Ved first traveled to the places where she hadn’t spent a lot of time—like Sikkim, a Himalayan state in the Northeast, and the forest-coated Chhattisgarh in Central India—to see what ingredients were available and talk to local farmers and home cooks. The information gathered on her travels informed the essays at the beginning of each section, which dive heavily into not just the flavors and ingredients of a region, but agricultural, social, and economic circumstances that created those particular culinary cultures, like how the food eaten in the city of Gwalior, despite being in Central India, has influences from Maharashtran and Nepalese cuisine because the area was once ruled by families from those territories.

To ask an Indian from the state of Uttar Pradesh to fully explain the cuisine of Tamil Nadu is like querying an Alabaman about the origins of the lobster roll.

For the more basic, building-block recipes—like egg masala and lamb biryani—her publishing company, Roli Books, allowed her to tap into recipes from the Indian cookbooks in its collection, like Kerala Kitchen and Annapurni: Heritage Cuisine From Tamil Nadu.

But the bulk of the recipes came from an unlikely source: wedding caterers. “They have those crowd-pleasing dishes,” Ved says—the classic foods that are most widely consumed in each state, like Punjabi bhindi masala, or spiced okra, and a fried bread from Madhya Pradesh called bedmi puri. The caterers also had all their recipes written down.

Sonal Ved

To fill in the rest, she reached out to relatives and friends’ mothers. Unlike the U.S., India doesn’t have troves of food blogs and cooking websites—culinary traditions are often spoken, and not always codified. A lot of Ved’s time was spent messaging back and forth with people, trying to understand the nuances between, say, a Bihari chicken kebab and a Lucknow chicken kebab. (The Bihari kebab uses a paste of fried onion in the marinade.)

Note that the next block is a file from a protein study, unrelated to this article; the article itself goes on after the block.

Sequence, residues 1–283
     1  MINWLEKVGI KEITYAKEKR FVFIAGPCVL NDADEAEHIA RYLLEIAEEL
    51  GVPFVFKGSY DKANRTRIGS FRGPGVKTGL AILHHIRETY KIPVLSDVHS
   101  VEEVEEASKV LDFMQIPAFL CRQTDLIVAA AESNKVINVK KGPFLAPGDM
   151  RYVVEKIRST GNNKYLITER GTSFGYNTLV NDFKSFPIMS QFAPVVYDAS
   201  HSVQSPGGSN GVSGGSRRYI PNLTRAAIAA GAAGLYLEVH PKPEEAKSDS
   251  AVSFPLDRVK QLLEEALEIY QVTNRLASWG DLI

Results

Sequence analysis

Certain culinary traditions surprised her. She knew that turmeric was used widely in Indian cooking but didn’t know that in Maharashtra, some dishes are cooked in the leaves of turmeric to lend the root’s earthy flavor, as in eradye, a rice and coconut dessert. Or that in Sindhi cuisine, there is lots of dried pasta included in dishes because of traders who brought it from abroad. She included a dish called Macrolyunpatata, made with macaroni, tomatoes, and potatoes.

Ved predicts that pasta will soon be as mainstream in India as the tomato — an ingredient that was once foreign but is now a central part of many local cuisines. “What is Indian, after all?” she says with a chuckle.

Ved wants Tiffin to convey that while there are similarities across Indian cooking (like the universal tendency to finish everything with cilantro), the country’s various cuisines are more disparate than people realize.

And those disparities go beyond small variations, she asserts. “It is drastically different, both the ingredients and the style of eating.” For example, Bengali meals are served course by course and often include fish, while Gujarati cuisine tends to eschew both meat and seafood, and the food is served all together.